Mexico’s immigration policies comprise single, streamlined laws that ensure that foreign visitors and immigrants are regimented. For a better picture, these include stern rules that these immigrants are in the country legally, that they are able to sustain themselves economically, that they do not become burdens to the society, that they are of good character and have no criminal records, and are contributors to the general wellbeing of the nation.
In fact, immigration authorities compile records of each foreign visitor and assure that these visitors do not violate their visa status. They are also banned from meddling with internal politics and those who violate the terms of their entry and who enter under false pretenses are imprisoned or deported (Lillpop). Indeed, the Mexican constitution strictly defines the rights of its citizens and as one may put it, the denial of may fundamental rights to non-citizens, legal or illegal.
Though its law makes perfect sense, Mexico is pushing the United States to water down the latter’s immigration rules, when, in the first place, its own immigration restrictions are the toughest in the continent. However, also looking at Mexico’s points, El Paso asks the US government to stop raids and dividing American families insisting, “We are not the Enemy, We are Part of the Solution” (Garcia & Camargo).
The rally down in El Paso has emphasized the need for new immigration policies that provide means for immigrants residing in the United States to attain permanent residency. Some say Mexican leaders demanding from the United States immigration laws, which contradict its own. Some even say the agenda of Mexico for such demand is clear: to have a one-way immigration relationship with the United States. However, looking at a broader perspective, I believe Mexico only wants to impose stern rules with regards to foreigners to protect its citizens and the well being of its nations.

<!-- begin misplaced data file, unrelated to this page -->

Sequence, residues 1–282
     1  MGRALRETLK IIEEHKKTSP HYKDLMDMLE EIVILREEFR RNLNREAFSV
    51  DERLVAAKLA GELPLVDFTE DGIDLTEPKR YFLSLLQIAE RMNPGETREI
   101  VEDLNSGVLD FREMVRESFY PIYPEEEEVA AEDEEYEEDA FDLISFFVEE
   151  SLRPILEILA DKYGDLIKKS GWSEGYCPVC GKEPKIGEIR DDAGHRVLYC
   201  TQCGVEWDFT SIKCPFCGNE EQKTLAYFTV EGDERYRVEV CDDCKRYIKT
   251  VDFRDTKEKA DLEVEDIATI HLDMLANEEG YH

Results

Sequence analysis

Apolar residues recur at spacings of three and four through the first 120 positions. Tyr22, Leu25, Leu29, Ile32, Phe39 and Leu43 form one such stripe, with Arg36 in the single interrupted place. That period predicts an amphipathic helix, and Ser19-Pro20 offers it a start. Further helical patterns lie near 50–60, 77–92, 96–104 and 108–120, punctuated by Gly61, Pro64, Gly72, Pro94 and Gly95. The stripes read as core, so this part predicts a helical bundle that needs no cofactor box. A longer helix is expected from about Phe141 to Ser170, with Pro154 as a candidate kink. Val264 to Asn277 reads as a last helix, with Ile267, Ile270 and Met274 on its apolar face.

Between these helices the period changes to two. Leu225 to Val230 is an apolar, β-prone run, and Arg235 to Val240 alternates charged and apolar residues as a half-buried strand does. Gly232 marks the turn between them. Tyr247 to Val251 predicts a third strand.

United States, on the other hand, are trying to impose the same, now with opposition from the Mexicans. Who are directly affected here are those Southerners who live in US soil and vice versa. To avoid stepping on each other’s flags and more importantly to avoid misunderstanding between the neighboring countries, each much provide room for adjustments and meet halfway so as to grant the its citizens, foreign or not, just and humane rights even if they live in a soil foreign to their true nation.
Works Cited Lillpop, John. “Immigration Reform? Lets Try Mexico’s Immigration Law. ” 27 February 2007. Canada Free Press. 19 October 2007. <http://www. canadafreepress. com/2007/lillpop022707. htm>. Garcia, Fernando & Camargo, Betty. “El Paso and Southern New Mexico Communities March and Rally for Just, Humane and Comprehensive Immigration Reform NOW! ”. 6 April 2007. Border Network and Human Rights. 19 October 2007. <http://www. bnhr. org/>.